In Love And War Review

In Love And War
Reporter Ernest Hemingway is an ambulance driver in Italy during World War I. While bravely risking his life in the line of duty, he is injured and ends up in the hospital, where he falls in love with his nurse, Agnes von Kurowsky.

by David Eimer |
Published on
Release Date:

01 Jan 1996

Running Time:

115 minutes



Original Title:

In Love And War

Richard Attenborough's films have alternated between the quirky (A Chorus Line), the worthy (Cry Freedom and Shadowlands) and the ill-conceived (Chaplin). In Love And War, while not entirely without its merits, falls somewhere between the last two. Based in part on fact and set in Italy during the last year of World War I, the movie relates the clandestine love affair between the young Ernest Hemingway and Agnes Von Kurowsky, a nurse eight years his senior.

As played by O'Donnell, the young Hemingway is a brash, callow youth who soon finds himself bored by his duties with the American Red Cross. Eager to get a taste of the real war, he heads for the trenches but is almost immediately wounded in an attack. In hospital he meets Agnes (Bullock), with whom he begins a cautious romance. But Hemingway has a rival, the surgeon who operated on him, and faced with a choice between an intense and immature teenager or a rich and sophisticated doctor, and with the war drawing to a close, Agnes has to make a quick and painful decision.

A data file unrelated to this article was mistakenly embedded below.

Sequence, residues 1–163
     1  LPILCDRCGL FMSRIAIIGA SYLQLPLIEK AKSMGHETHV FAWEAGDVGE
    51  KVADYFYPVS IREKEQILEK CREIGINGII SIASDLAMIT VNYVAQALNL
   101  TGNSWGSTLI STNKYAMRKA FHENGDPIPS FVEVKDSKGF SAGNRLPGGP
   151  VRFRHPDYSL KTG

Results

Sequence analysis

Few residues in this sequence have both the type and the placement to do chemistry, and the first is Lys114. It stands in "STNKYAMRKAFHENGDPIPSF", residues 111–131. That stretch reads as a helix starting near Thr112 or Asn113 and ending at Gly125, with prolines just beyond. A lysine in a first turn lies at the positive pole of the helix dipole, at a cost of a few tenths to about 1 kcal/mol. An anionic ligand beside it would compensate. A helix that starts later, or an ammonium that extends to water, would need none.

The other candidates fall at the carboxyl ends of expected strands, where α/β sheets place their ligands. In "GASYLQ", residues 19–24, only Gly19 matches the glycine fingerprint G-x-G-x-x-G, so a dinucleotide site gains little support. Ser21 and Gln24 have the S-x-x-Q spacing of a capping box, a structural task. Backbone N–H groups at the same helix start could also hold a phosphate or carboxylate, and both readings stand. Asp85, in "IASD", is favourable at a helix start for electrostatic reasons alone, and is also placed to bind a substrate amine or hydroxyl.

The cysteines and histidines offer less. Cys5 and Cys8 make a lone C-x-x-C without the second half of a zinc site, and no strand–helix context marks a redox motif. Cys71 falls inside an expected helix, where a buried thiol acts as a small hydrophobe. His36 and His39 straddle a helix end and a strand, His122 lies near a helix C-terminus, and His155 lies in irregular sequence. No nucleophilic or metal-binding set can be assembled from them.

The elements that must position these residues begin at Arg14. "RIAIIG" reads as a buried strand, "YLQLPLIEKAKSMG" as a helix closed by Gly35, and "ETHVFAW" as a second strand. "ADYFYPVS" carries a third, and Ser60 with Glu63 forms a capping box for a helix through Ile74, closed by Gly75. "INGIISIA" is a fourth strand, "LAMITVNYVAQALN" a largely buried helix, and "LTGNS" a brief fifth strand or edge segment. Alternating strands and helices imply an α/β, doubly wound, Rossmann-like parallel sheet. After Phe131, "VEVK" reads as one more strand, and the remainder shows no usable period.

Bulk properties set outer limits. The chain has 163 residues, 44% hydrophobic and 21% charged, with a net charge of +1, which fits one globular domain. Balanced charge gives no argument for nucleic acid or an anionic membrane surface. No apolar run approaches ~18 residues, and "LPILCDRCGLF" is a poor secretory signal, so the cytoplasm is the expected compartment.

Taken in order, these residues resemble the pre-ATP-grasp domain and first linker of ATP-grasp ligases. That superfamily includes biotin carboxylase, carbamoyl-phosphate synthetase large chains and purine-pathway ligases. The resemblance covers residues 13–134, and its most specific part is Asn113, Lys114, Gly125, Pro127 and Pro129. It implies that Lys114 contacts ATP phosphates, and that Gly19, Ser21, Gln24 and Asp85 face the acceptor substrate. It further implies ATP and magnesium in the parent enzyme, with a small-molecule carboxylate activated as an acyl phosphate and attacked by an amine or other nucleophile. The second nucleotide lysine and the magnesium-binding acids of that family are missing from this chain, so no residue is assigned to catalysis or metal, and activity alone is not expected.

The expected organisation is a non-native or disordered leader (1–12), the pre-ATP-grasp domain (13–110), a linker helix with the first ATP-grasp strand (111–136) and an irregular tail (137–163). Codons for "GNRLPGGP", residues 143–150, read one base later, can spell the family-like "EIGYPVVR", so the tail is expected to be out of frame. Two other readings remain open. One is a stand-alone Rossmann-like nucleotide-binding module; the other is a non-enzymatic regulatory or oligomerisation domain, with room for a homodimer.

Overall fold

This period of Hemingway's life subsequently inspired A Farewell To Arms, and there's little doubt that his experiences in Italy had a profound effect on him, although the action is never quite as gripping as it could have been. There are effective moments in the film (most notably the attack in which Hemingway is injured) but overall it's a curiously static affair and it fails to generate the passion that Hemingway and Von Kurowsky obviously felt for each other.

Bullock makes for a charming but somewhat subdued Agnes, much of her natural spark buried beneath the period costume, while O'Donnell, who has no problem capturing Hemingway's exuberance, is less confident when it comes to delivering the range that was also a part of his make-up.

Ultimately, In Love And War lacks a solid centre but the affecting, curiously innocent chemistry between the two leads, shamelessly soppy script and pretty, soft-focus backdrops, make this passable enough for the hopeless romantics among us.
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